Don't forget to Vote For Us! We're not gonna catch those punk El-Tees at The Officer's Club unless you guys quit voting for Matty (who is untouchable at this point) but we're neck and neck with that Lawyer at Intel Dump.

by John on Dec 14, 2005

November 14, 2005

Cleaning up some stuff from the inbox.

Sadly, my cubicle is back to looking like most of yours (who work in Dilbertville, anyway).

Fuzzybear Lioness notes Devotion to Duty.

From Stop the ACLU:

Even though with my Irish blood (of course, there's just as much English in there, too) I'm supposed to hate all she stands for, I'll stand with the Queen on this one.

The MSM doesn't seem to have much interest in this story about 2,000 Muslims in anti-christian rampage. Bet if we swapped the words Christian and Muslim they'd be all over it.

And, of course, Mr. Newdow is offended every time he turns around.

Carnival Barker Punctilious notes that Myopic Zeal is hosting a Red White and Blue Carnival of the Recipes.

Another casualty of Hurricane Katrina - the USS Alabama. Showing why Navies put to sea and avoid or ride out storms out there, rather than chance being beached. She's a tough old bird, she'll be okay. Some of the stuff inside that museum building, however... (h/t, Larry K.)

Happy Birthday to the Secretary of State, Dr. Rice. Heh. It's Prince Charle's birthday today, too, but I'm afraid the Prince of Wales doesn't impress me nearly as much as his mother does, much less Dr. Rice.

Hosting provided by FotoTime

On this day in 1942, the loss of the USS Juneau, including the 5 Sullivan Brothers.

Speaking of the Sullivan Brothers - here's a nice piece from the Rocky Mountain News about one of the hardest jobs in the military for people who aren't deployed. H/t, Tony J.

In closing - how about some Gun Pr0n?

by John on Nov 14, 2005
» Pirates! Man Your Women! links with: The Most Important Thing

June 02, 2005

A new "special friend" of the Castle.

Send the Armorer pics like this, as SezaGeoff does, and you too, can be a Friend of the Castle!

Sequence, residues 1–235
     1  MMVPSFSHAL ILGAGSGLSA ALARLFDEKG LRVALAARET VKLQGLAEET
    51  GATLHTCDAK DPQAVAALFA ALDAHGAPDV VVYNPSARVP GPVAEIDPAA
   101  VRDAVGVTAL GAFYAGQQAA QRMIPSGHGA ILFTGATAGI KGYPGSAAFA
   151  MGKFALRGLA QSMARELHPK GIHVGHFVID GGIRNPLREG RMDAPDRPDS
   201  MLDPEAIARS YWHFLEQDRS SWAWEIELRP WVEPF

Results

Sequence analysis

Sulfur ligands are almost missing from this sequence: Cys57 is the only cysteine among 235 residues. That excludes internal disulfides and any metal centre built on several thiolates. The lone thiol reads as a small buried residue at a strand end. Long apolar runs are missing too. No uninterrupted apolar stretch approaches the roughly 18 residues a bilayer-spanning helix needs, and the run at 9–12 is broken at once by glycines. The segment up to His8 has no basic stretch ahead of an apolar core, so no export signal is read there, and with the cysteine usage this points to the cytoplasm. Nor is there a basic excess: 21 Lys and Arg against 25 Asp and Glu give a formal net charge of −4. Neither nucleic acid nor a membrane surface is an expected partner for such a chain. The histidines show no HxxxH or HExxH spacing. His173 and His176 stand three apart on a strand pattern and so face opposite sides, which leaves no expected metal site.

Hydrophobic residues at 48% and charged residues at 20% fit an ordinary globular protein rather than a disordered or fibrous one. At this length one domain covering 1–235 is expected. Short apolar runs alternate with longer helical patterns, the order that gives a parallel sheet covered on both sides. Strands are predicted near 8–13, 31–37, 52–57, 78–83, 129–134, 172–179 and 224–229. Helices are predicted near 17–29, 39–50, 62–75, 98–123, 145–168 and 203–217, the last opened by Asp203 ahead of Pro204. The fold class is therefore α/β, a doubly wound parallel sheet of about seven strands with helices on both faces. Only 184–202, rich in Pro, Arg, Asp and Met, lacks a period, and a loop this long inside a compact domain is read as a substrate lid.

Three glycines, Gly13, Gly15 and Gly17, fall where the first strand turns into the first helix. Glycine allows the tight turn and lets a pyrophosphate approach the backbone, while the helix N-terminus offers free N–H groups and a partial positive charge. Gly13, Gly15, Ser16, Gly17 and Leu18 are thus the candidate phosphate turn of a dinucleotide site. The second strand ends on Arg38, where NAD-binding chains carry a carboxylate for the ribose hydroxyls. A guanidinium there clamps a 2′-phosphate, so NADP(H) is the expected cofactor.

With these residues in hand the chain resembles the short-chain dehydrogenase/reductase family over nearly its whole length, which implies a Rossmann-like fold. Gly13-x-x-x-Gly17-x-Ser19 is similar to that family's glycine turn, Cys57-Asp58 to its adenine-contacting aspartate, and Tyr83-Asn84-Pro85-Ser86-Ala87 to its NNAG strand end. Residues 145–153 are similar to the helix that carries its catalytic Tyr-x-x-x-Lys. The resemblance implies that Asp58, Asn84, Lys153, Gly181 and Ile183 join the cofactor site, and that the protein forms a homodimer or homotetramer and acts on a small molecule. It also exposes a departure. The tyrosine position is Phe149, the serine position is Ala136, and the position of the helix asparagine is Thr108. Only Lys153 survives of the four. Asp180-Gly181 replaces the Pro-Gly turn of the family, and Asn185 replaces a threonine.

Regarding the discussions about tanks and who had what operable Tigers where, Geoff sent along this pic he thought (correctly) I might find interesting - from the French tank museum at Saumur. It is an early model Jagdpanzer IV(you can tell by the vertical armor plate vice later models, which were lower and sloped), a German tank-hunter used in the last year of the war.

This one having been hunted a bit itself... that is a solid shot with tracer armor piercing round stuck in the glacis. There's a gouge from another hit... and then there's all that cracked and broken armor. Any crewmen on that side of the vehicle had soiled trousers, if they survived. Of course, there was a tendency on the battlefield to put "insurance shots" into armored vehicles that weren't obviously dead, as in a catastrophic kill. It was not unusual (especially with Geman vehicles which didn't burn as readily as US vehicles, being fueled with diesel and not gasoline) to have many extra holes in them as tanks passing by on their way elsewhere made sure for themselves.

This grouping of shots however, strikes me as an indicator of a duel between this vehicle and one or two other Allied tanks or anti-tank guns. Perhaps a first hit (the large hole on the lower portion) on the transmission housing immobilizing the vehicle followed by subsequent shots until the crew bailed or the Allied crew/s were satisfied the vehicle was no longer a threat. Perhaps CAPT H has some thoughts on the possibilities?

Hi-res, click here.

He sent along this commentary:

I mentioned the Musee des Blindes at Saumur in France in the comments. One of the exhibits in the German Hall was a Jagdpanzer that had been taken out by multiple hits of AP. One was still stuck in the glacis! Apparently the US soldiers took it over afterwards and used it for a while, which explains the steel plate where the MG was. I thought you might like to look at the picture.